Does Thermal Energy International (CVE:TMG) Have A Healthy Balance Sheet?
Howard Marks put it nicely when he said that, rather than worrying about share price volatility, 'The possibility of permanent loss is the risk I worry about... and every practical investor I know worries about.' So it seems the smart money knows that debt - which is usually involved in bankruptcies - is a very important factor, when you assess how risky a company is. As with many other companies Thermal Energy International Inc. (CVE:TMG) makes use of debt. But should shareholders be worried about its use of debt?
When Is Debt Dangerous?
Debt and other liabilities become risky for a business when it cannot easily fulfill those obligations, either with free cash flow or by raising capital at an attractive price. Ultimately, if the company can't fulfill its legal obligations to repay debt, shareholders could walk away with nothing. However, a more frequent (but still costly) occurrence is where a company must issue shares at bargain-basement prices, permanently diluting shareholders, just to shore up its balance sheet. Of course, plenty of companies use debt to fund growth, without any negative consequences. When we think about a company's use of debt, we first look at cash and debt together.
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How Much Debt Does Thermal Energy International Carry?
The image below, which you can click on for greater detail, shows that at November 2022 Thermal Energy International had debt of CA$3.70m, up from CA$2.96m in one year. However, it does have CA$2.72m in cash offsetting this, leading to net debt of about CA$975.6k.
How Healthy Is Thermal Energy International's Balance Sheet?
Zooming in on the latest balance sheet data, we can see that Thermal Energy International had liabilities of CA$6.01m due within 12 months and liabilities of CA$3.96m due beyond that. Offsetting this, it had CA$2.72m in cash and CA$3.34m in receivables that were due within 12 months. So its liabilities outweigh the sum of its cash and (near-term) receivables by CA$3.90m.
Thermal Energy International has a market capitalization of CA$17.2m, so it could very likely raise cash to ameliorate its balance sheet, if the need arose. But it's clear that we should definitely closely examine whether it can manage its debt without dilution. The balance sheet is clearly the area to focus on when you are analysing debt. But it is Thermal Energy International's earnings that will influence how the balance sheet holds up in the future. So if you're keen to discover more about its earnings, it might be worth checking out this graph of its long term earnings trend.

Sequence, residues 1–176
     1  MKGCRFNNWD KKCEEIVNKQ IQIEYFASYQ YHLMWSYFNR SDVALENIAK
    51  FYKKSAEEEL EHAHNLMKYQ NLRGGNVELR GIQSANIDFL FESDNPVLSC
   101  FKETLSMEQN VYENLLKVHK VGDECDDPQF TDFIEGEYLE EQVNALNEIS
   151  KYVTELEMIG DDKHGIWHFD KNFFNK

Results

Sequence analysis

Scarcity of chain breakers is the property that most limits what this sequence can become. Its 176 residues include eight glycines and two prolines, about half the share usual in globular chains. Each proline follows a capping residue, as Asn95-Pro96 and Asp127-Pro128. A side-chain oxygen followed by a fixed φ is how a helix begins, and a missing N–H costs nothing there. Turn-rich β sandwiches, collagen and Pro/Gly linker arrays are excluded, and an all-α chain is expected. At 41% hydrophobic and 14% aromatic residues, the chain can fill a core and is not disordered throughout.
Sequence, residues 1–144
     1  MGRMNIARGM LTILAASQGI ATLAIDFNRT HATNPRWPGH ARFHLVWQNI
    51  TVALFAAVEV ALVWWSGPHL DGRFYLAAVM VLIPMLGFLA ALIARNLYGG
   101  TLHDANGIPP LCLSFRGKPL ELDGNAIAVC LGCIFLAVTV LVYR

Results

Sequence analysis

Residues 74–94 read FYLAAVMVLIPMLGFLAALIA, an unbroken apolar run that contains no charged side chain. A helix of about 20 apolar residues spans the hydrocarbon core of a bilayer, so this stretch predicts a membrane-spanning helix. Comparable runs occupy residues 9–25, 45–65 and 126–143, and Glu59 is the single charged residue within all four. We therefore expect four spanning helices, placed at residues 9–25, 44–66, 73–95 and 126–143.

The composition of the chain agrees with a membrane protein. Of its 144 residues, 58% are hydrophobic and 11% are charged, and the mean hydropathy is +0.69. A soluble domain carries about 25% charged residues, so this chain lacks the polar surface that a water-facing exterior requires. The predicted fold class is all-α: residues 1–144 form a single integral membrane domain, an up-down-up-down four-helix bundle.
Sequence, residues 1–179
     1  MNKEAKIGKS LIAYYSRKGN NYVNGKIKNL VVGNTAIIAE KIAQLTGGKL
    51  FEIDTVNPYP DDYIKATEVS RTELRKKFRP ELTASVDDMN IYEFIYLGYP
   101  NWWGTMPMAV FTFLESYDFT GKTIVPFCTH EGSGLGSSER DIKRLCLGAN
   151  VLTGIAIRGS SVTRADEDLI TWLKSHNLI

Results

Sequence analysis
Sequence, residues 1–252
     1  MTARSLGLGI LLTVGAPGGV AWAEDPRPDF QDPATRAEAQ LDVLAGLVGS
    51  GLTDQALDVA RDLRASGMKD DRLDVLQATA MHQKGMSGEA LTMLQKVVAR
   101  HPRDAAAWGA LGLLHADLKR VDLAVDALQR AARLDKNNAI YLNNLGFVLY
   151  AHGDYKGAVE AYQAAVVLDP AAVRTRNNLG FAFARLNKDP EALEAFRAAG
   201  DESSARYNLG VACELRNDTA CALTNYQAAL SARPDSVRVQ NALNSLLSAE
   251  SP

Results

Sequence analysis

In the last year Thermal Energy International's revenue was pretty flat, and it made a negative EBIT. While that hardly impresses, its not too bad either.
Over the last twelve months Thermal Energy International produced an earnings before interest and tax (EBIT) loss. To be specific the EBIT loss came in at CA$1.5m. Considering that alongside the liabilities mentioned above does not give us much confidence that company should be using so much debt. Quite frankly we think the balance sheet is far from match-fit, although it could be improved with time. However, it doesn't help that it burned through CA$295k of cash over the last year. So suffice it to say we do consider the stock to be risky. When analysing debt levels, the balance sheet is the obvious place to start. But ultimately, every company can contain risks that exist outside of the balance sheet. These risks can be hard to spot. Every company has them, and we've spotted 2 warning signs for Thermal Energy International (of which 1 is potentially serious!) you should know about.
At the end of the day, it's often better to focus on companies that are free from net debt. You can access our special list of such companies (all with a track record of profit growth). It's free.
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Thermal Energy International
Thermal Energy International Inc. engages in the development, engineering, and supply of pollution control products, heat recovery systems, and condensate return solutions in North America, Europe, and internationally.
Adequate balance sheet and overvalued.